FacebookTwitterGoogle+RedditEmail

The Other Kiss

by Alexander Cockburn And Jeffrey St. Clair

Gore’s famous embrace of Tipper before his speech at the Democratic convention may pale beside his prospective ecstasies with the Joint Chiefs of Staff. In AD 193 the Roman Praetorian Guard murdered the Emperor Pertinax and proceeded to auction off the imperial throne to the highest bidder. Until this year the most strenuous emulation of this feat by the US military came in 1980, when the Joint Chiefs of Staff took bids on the White House from the ramparts of the Pentagon. Despite fierce bidding by Jimmy Carter, the Chiefs had no hesitation in accepting Republican pledges and in proclaiming that only Ronald Reagan would keep the Empire strong.

We are in the climactic moments of the 2000 auction. By now the ritual is well established. Stage One: senior Praetorians and associated intellectual prostitutes repine the pitiful condition of America’s fighting folk and the decrepitude of the US military arsenal. Frank Gaffney Jr., a Defense Department official in the Reagan years, set the tone in an article in the Washington Times in early August: “Future defense capabilities may be seriously inadequate. History suggests that the consequence of such a practice is a vacuum of power that hostile nations often feel invited to fill.” Then Gaffney relayed the Praetorians’ reserve price on the imperial throne: “A nation with a projected $1.9 trillion budget surplus can afford consistently to allocate a minimum of 4 percent of its gross domestic product to ensure its security.”

Already on July 21, Adm. Jay Johnson had said, as he stepped down from his post as the Navy’s top officer, that national security requires a defense expenditure of 4 percent of GDP. On August 16 Gen. James Jones, Commandant of the Marine Corps, used the occasion of an interview with Defense Daily to call for a “gradual ramp up” in defense spending “to about 4?4.5 percent of the US gross domestic product.” Two days after Jones’s comments, Gen. Gordon Sullivan, formerly Army Chief of Staff and now president of the 100,000-strong Association of the US Army, confirmed the Praetorians’ floor demand: “We must prepare for the future of the security of our nation. We should set the marker at 4 percent.”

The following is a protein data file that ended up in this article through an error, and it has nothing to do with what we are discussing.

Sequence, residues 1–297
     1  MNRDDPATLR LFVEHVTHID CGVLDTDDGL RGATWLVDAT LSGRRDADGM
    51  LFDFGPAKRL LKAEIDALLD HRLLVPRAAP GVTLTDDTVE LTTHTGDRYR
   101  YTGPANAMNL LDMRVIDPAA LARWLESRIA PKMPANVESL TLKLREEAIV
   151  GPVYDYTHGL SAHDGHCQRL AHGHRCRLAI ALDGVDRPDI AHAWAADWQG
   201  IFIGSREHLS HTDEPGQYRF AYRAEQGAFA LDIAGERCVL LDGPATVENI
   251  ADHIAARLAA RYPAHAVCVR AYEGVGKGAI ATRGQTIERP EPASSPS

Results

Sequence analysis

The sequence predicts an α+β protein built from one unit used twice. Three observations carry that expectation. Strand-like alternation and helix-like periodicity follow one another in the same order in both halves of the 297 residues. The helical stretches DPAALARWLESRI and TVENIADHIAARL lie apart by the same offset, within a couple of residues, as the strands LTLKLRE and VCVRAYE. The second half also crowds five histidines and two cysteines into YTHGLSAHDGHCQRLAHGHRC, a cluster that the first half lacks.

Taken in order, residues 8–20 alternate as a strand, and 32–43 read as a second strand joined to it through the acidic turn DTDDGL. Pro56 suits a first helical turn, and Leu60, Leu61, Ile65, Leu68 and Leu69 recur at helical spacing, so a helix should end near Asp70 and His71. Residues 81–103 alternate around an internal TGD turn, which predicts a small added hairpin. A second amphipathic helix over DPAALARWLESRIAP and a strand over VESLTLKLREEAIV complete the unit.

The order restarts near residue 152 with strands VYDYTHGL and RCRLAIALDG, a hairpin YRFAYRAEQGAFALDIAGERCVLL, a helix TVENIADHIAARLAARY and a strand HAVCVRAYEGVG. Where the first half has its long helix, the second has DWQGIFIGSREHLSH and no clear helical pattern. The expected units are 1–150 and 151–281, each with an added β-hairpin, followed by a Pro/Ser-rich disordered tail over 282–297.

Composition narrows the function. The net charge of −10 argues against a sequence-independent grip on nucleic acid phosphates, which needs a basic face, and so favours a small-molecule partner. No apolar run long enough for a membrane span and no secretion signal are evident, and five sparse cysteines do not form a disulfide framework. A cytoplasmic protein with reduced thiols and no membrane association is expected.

The Praetorians have avoided spelling out what 4 percent actually means in dollar terms. The latest figures from the Office of Management and Budget project GDP at $10.9 trillion in 2002, rising to $13.9 trillion in 2007. So a military budget set at 4 percent of GDP in 2002 would amount to $438 billion, and in 2007 $558 billion. This year’s budgetary tribute to the Praetorians is just on $300 billion. The combined spending of all putative foes of the United States-Russia, China and our old friends the rogue states, including Iran, Syria, Iraq, Libya, North Korea, Serbia, Cuba and Sudan-amounts to a little over $100 billion.

It is not well understood that though the number of ships, planes and troops available to guard the nation has declined sharply, the actual flow of dollars into the pockets of the Praetorians and their commercial partners has remained at cold war levels. It is true that in the immediate aftermath of the cold war, US military spending under George Bush I diminished slightly. Clinton reversed this trend with enough brio to allow Gore, speaking to the Veterans of Foreign Wars in the 1996 campaign, to declare that the Democratic bid to the Praetorians that year was far superior to that of the Republicans.

In his offer to the Praetorians this year, George W. Bush has offered Star Wars plus a pay raise for the armed forces. This is scarcely enough. An August 23 Washington Post editorial relayed the Praetorians’ contempt: “It is Mr. Bush who, despite some muscular rhetoric, is sounding weak on defense.” In other words, “George, it’s your bid.” The Praetorians know well that the missile defense scheme endorsed by Bush is a fantasy and that missile defense spending has been more or less constant since the early sixties.

The appeal of a pay raise from a Republican emperor is undercut by lavish disbursements such as the recent 10 percent raise enacted by Emperor Clinton, who further solidified the loyalty of the senior officer class by smoothing out wrinkles in the practice of double dipping. These days, an officer can retire on full pension and then return to work at the Pentagon in civilian capacity at a hefty salary, with pension unimpaired. “There are retired colonels in this building,” a Pentagon number cruncher remarked recently, “who are taking home $200,000 a year.” “I’m proud,” Gore told the VFW five days after he kissed Tipper, “that we won the largest military pay increase in twenty years.”